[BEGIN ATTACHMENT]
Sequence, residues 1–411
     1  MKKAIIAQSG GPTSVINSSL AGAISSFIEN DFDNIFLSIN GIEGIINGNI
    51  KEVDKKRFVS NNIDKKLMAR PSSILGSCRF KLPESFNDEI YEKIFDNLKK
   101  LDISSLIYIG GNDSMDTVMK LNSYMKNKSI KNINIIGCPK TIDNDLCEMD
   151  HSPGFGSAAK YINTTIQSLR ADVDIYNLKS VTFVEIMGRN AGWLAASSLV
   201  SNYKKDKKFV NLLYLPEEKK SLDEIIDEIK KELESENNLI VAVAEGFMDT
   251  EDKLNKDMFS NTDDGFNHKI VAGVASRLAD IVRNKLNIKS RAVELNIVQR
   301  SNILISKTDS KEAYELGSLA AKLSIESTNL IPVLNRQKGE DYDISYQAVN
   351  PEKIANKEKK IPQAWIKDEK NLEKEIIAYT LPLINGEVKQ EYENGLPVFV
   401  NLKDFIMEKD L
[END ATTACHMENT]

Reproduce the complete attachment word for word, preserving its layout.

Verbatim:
Sequence, residues 1–411
     1  MKKAIIAQSG GPTSVINSSL AGAISSFIEN DFDNIFLSIN GIEGIINGNI
    51  KEVDKKRFVS NNIDKKLMAR PSSILGSCRF KLPESFNDEI YEKIFDNLKK
   101  LDISSLIYIG GNDSMDTVMK LNSYMKNKSI KNINIIGCPK TIDNDLCEMD
   151  HSPGFGSAAK YINTTIQSLR ADVDIYNLKS VTFVEIMGRN AGWLAASSLV
   201  SNYKKDKKFV NLLYLPEEKK SLDEIIDEIK KELESENNLI VAVAEGFMDT
   251  EDKLNKDMFS NTDDGFNHKI VAGVASRLAD IVRNKLNIKS RAVELNIVQR
   301  SNILISKTDS KEAYELGSLA AKLSIESTNL IPVLNRQKGE DYDISYQAVN
   351  PEKIANKEKK IPQAWIKDEK NLEKEIIAYT LPLINGEVKQ EYENGLPVFV
   401  NLKDFIMEKD L